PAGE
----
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Logo of archdischArchives of Disease in ChildhoodVisit this articleSubmit a manuscriptReceive email alertsContact usBMJ
Arch Dis Child. 2007 November; 92(11): 1050.
PMCID: PMC2083602


Children who wear hyoscine skin patches to control drooling may develop eye problems and need ophthalmological assessment and provision of appropriate glasses. In Glasgow (Developmental Medicine and Child Neurology 2007; 49: 426‐8) five patients aged 8‐18 years with quadriplegic cerebral palsy and severe learning difficulties were assessed. They all wore hyoscine patches. They had large pupils that constricted poorly to light and little accommodative response. Three of them showed evidence of photophobia. All five were given glasses designed to provide a focused image at 1 metre (considered the primary sphere of interest) and the photophobic patients were provided with photochromic lenses. On follow up, parents and teachers reported improvements; the children reached out for objects and looked at toys and books more readily and the photophobia was less evident.

There should be greater investment in large‐scale banking of umbilical cord blood and both cord‐blood banks and bone‐marrow donor registries should be searched simultaneously whenever a child needs a haemopoietic stem cell transplant from an unrelated donor. These are the conclusions of a non‐randomised study (Lancet 2007;369:1947–54; see also Comment, ibid: 1906–8) using data from the Center for International Blood and Marrow Transplant Research and the National Cord Blood Program of the New York Blood Center. The study included 785 children aged <17 years with acute leukaemia, 503 given umbilical cord blood (UCB) transplants and 282 bone marrow (BM) transplants. Five‐year leukaemia‐free survival was highest (60%) with HLA‐matched UCB transplants and lowest (33%) with UCB and two mismatches. The rates for matched or mismatched BM were 38% and 37%. For UCB transplants with one mismatch the 5‐year leukaemia‐free survival rate was 45% with high cell dose and 36% with low cell dose. Compared with matched BM the risk of transplant‐related death was not significantly increased after UCB transplant either matched or with one‐antigen mismatch and high cell dose. The rates of chronic or severe acute graft versus host disease were similar for all UCB and matched BM transplants. Only 30% of children in need of a transplant have an HLA‐matching sibling for marrow transplantation.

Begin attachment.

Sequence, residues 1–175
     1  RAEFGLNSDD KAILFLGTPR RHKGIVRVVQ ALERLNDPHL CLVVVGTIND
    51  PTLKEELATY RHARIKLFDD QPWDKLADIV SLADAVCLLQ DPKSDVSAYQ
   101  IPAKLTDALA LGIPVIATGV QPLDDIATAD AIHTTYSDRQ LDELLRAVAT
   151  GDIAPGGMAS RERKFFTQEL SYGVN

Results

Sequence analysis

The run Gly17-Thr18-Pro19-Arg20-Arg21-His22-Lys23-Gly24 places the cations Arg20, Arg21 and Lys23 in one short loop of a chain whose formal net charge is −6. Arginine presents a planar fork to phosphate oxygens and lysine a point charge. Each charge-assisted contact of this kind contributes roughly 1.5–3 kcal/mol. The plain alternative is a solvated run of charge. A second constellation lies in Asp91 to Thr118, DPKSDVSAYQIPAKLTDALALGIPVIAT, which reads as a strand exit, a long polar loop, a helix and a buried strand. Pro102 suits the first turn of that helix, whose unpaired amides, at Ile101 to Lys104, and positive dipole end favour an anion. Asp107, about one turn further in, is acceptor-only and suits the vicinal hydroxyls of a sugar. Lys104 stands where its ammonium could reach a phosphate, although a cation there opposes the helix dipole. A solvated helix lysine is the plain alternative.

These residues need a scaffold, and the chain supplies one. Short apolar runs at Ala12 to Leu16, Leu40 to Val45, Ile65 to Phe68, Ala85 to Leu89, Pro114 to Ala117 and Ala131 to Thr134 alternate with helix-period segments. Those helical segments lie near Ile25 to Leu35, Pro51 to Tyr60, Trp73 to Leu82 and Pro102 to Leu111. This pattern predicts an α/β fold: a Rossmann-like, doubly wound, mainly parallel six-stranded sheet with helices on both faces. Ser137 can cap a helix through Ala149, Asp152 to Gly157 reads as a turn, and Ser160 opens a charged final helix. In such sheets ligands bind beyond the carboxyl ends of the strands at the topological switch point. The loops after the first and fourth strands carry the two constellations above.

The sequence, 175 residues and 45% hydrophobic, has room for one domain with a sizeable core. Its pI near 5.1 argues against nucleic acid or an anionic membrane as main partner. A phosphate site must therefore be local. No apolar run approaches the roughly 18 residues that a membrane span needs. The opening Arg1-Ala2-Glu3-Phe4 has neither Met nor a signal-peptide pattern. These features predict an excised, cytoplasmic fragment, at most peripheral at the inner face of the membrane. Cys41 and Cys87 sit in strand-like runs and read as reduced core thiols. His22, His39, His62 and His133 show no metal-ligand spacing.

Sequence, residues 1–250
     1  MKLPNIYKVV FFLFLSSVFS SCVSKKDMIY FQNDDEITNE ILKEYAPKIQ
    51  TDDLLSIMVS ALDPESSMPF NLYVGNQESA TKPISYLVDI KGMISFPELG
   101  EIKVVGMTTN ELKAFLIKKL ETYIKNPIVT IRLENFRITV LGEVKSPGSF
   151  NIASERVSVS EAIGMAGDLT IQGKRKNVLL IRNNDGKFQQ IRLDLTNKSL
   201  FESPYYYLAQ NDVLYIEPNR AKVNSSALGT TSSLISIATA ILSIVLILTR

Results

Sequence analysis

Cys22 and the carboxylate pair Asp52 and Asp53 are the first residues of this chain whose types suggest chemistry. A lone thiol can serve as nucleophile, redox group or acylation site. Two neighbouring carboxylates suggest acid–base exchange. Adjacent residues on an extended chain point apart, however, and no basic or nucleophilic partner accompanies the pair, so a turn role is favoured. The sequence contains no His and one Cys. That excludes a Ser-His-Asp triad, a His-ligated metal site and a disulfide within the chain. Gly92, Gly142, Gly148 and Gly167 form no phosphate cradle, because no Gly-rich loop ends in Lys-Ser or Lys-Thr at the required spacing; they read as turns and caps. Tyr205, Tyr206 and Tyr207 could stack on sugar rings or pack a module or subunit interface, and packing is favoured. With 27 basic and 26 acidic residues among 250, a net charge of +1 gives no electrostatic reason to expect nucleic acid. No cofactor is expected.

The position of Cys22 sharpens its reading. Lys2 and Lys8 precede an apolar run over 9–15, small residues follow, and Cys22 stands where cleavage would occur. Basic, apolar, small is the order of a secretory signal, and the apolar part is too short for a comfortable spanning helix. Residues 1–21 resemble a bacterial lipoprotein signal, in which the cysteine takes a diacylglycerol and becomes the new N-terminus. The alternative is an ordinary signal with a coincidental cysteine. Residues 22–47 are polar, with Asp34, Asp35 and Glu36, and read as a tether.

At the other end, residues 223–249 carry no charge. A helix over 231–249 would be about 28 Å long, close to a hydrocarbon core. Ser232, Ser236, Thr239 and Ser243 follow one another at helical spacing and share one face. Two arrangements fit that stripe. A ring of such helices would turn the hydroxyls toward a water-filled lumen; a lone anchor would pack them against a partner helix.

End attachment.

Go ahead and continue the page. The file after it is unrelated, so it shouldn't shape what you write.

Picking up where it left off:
Although phenobarbitone is now rarely used for the treatment of epilepsy in children in affluent countries it is frequently used in poorer countries. The WHO recommends phenobarbitone as first choice treatment for partial or generalised tonic‐clonic seizures in resource‐poor countries but in richer countries the behavioural and cognitive side effects are usually thought to be prohibitive. Several reports from developing countries, however, have suggested these side effects may not be as severe as is widely thought. In Bangladesh (BMJ 2007;334:1207–10; see also editorial, ibid: 1175–6) 108 children aged 2–15 years with generalised tonic‐clonic, partial, or secondarily generalised seizures were randomised to treatment with phenobarbitone or carbamazepine. Ten children developed behaviour problems (four on phenobarbitone and six on carbamazepine) and they were severe in four (one vs three). Freedom from seizures in the second half of the first year of treatment was achieved in 45% vs 55% of those assessed in the phenobarbitone and carbamazepine groups respectively. These researchers conclude that in Bangladesh phenobarbitone is no more likely to cause behavioural side effects than is carbamazepine. The writer of the editorial points to methodological problems with most trials of phenobarbitone but calls for epilepsy management programmes that are fully integrated within community healthcare delivery systems with well educated health professionals and public, reliable drug supplies, and adequate drug storage and dispensing. About 85% of people with epilepsy in developing countries get no treatment at all.